Do I need a manager?

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A manager can change the course of an artist’s career but it’s all about getting one at the right time ! You’ve got some songs, you’ve built a following and you’re ready to go up a level or two. You’re close enough to feel it. So what’s stopping you from ...

A manager can change the course of an artist’s career but it’s all about getting one at the right time

You’ve got some songs, you’ve built a following and you’re ready to go up a level or two. You’re close enough to feel it. So what’s stopping you from making that crucial next step?

Independent artists can do so much themselves – and the door is actually open if your music is good enough – but many think that it’s only getting management that will move them on to bigger and better things.

In many cases, this is true. When Dirty Hit and All On Red Management boss Jamie Oborne first heard The 1975, he trekked to Manchester to watch them rehearse in Matthew Healy’s garage. Now, they’re releasing No.1 records on the label they founded themselves and filling arenas around the world.

Tobe Onwuka elected to leave his job at Land Rover behind to manage his friend Stormzy, and within a few years they were celebrating a Glastonbury headline set.

Although these are extreme examples of independent success, it’s true that management can change the course of a new artist’s career. But if you’re considering getting a manager, first, you need to work out whether you really need the extra help or not.

“If nothing is happening or things are moving very slowly, then it’s important to remember that having a manager doesn’t automatically open doors,” says Lovisa Attebrant, membership secretary at the Music Managers Forum (MMF).

“Music is highly competitive and requires a huge amount of hard work, so asking someone to invest their time, energy and sometimes money in you, before you have done everything you possibly can to move forward, probably won’t work out. Make sure you’re out there being seen,” she adds.

Attebrant says artists should consider management when a natural tipping point occurs, meaning when you can no longer spin every plate yourself. “Technically, you can do most things yourself,” Attebrant says. “You might have to get specific advice, from lawyers or accountants for instance, but it is absolutely possible to build the foundations of your career yourself.”

Beabadoobee (real name Bea Kristi) was doing exactly that – recording and uploading demos and gigging – when Jamie Oborne and Dirty Hit came along. They came across Kristi’s grungy indie-pop on Spotify one day and got in touch. Fast-forward a year and she was supporting The 1975 on tour. Beabadoobee was nominated for a BRIT this year and has almost 15 million monthly Spotify listeners – the stuff of dreams for many aspiring musicians just like her.

“They’ve been sick managers and have supported me throughout this whole process,” Kristi says. “Since everything can getsuper overwhelming and scary they have always been very understanding and continue to give me such amazingopportunities.”

Kristi loves that her managers have helped her stay passionate and to persevere: “They’ve taught me to know the outcome is always worth it and that mentalhealth comes first, especially when things get a bit crazy.”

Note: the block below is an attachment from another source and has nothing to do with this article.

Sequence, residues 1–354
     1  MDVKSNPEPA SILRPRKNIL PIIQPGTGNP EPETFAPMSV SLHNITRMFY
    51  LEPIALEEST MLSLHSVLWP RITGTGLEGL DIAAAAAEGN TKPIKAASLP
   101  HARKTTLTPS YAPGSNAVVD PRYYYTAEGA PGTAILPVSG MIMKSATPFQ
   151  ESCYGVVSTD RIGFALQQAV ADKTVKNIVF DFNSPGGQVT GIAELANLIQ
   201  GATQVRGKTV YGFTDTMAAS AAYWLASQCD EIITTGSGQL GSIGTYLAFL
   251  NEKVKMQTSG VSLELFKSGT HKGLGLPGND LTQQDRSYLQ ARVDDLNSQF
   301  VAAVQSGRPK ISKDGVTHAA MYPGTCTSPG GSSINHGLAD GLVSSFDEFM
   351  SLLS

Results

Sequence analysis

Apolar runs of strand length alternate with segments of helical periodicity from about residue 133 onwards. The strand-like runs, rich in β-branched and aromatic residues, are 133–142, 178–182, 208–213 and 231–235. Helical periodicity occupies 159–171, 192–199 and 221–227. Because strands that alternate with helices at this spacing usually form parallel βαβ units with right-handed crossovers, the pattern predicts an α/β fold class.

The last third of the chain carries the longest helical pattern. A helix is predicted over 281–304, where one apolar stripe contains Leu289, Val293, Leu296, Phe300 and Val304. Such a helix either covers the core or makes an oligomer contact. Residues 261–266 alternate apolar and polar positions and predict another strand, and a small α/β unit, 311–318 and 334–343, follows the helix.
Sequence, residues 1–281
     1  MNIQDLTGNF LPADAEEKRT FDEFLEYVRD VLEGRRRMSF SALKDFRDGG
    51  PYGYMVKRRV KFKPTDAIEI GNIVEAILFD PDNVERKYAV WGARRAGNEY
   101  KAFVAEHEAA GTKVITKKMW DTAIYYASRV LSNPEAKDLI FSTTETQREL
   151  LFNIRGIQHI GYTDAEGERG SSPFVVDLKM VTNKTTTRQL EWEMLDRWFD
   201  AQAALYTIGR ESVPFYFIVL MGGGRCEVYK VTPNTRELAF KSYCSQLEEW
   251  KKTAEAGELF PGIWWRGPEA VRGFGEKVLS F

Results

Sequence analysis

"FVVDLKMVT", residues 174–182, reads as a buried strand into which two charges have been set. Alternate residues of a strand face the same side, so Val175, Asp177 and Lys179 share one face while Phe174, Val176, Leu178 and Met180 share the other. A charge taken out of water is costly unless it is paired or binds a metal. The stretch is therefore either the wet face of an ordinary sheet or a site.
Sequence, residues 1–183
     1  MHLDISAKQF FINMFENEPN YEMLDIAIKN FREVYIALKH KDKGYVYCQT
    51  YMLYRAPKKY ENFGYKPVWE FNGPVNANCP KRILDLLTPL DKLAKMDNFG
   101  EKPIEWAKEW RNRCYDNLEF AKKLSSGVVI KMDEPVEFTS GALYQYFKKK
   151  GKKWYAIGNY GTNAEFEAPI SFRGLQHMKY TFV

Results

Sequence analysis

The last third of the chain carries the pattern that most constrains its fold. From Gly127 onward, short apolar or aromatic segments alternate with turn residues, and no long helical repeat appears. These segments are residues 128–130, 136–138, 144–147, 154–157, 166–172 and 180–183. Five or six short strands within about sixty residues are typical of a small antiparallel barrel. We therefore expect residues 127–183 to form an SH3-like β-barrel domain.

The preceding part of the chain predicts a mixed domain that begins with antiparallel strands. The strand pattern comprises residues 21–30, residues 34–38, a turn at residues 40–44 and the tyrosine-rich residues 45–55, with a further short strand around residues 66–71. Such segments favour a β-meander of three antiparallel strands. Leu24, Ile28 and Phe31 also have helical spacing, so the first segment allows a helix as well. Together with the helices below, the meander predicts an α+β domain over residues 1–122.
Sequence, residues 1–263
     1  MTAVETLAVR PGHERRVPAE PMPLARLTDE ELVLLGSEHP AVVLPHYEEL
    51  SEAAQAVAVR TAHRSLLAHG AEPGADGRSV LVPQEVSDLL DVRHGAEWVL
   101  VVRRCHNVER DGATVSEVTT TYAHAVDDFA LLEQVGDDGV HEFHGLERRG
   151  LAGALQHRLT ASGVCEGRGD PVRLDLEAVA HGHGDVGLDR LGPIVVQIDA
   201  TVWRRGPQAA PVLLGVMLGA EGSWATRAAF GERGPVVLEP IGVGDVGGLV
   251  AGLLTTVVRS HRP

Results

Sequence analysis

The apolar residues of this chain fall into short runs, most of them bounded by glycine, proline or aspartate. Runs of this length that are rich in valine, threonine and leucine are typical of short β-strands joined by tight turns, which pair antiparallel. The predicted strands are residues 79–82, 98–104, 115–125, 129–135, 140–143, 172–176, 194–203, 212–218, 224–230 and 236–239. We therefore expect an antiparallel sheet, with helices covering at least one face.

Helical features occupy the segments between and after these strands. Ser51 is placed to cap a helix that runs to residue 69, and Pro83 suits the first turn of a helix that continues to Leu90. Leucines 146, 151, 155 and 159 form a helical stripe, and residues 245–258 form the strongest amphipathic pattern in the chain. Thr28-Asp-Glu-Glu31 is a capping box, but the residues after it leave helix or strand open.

Dublin hip-hop group Hare Squead met their manager Philip Wrenn when he was working the bar at one of their first gigs. “The role isn’t easily described, managers take on so much – organising, negotiating, connecting, providing solutions and a lot more,” says multi-instrumentalist and producer Lilo Blues. “The best managers only cater to artists’ needs, truly look out for what’s best. It’s finding the balance of not making the artist frustrated and angry, but helping them understand why things take the route they do. It’s not always easy to be on the same page, you have to trust them.”

As the artist’s chances of making an impact increases in the streaming age, the manager’s remit expands. There’s live, DSPs, radio, press, social media and all manner of admin to do (spoiler: yes, it can be boring). Nowadays, artists and managers can collaborate better because both sides can maximise opportunity.

“It’s a lot easier for artists to really take charge of their own careers now,” says Georgia Strawson, who manages Glassnote-signed Ider.“It’s a very exciting time, I am really happy to see the balance of power shifting in favour of the artist. A good manager should not resist this, but embrace it.”

Strawson stresses that you’ll get nowhere without honesty, trust and respect. Those qualities, she says, equal integrity, which can only push things forward. “Don’t rush into anything,” she advises. “Don’t seek managers or make a rash decision based purely on a roster or a name. If people want to work with you, they’ll respect the decision not to rush and they won’t disappear. Those who can’t be bothered to stick around were never worth it in the first place.”

When you make the decision and begin working with a manager, it’s about ensuring the balance is right. “Managers are now doing so many different things, from scheduling social media and PR, to running every aspect of their artist’s business, including recording, releasing and digital marketing, work that labels would traditionally do,” says Attebrant at the MMF. “The role of the manager is to build a team and grow a business, it requires a highly tailored approach.”

One thing, though, is more important than all else: expectation. “Managers aren’t magicians,” Attebrant says. “And it’s not always possible to make dreams come true…”

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